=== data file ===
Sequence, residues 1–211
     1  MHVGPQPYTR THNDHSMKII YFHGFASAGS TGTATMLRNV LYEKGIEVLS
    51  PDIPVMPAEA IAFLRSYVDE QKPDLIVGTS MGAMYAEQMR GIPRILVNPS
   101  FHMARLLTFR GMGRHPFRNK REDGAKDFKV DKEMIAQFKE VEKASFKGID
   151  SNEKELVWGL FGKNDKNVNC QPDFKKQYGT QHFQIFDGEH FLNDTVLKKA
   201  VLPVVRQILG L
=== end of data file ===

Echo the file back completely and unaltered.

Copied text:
Sequence, residues 1–211
     1  MHVGPQPYTR THNDHSMKII YFHGFASAGS TGTATMLRNV LYEKGIEVLS
    51  PDIPVMPAEA IAFLRSYVDE QKPDLIVGTS MGAMYAEQMR GIPRILVNPS
   101  FHMARLLTFR GMGRHPFRNK REDGAKDFKV DKEMIAQFKE VEKASFKGID
   151  SNEKELVWGL FGKNDKNVNC QPDFKKQYGT QHFQIFDGEH FLNDTVLKKA
   201  VLPVVRQILG L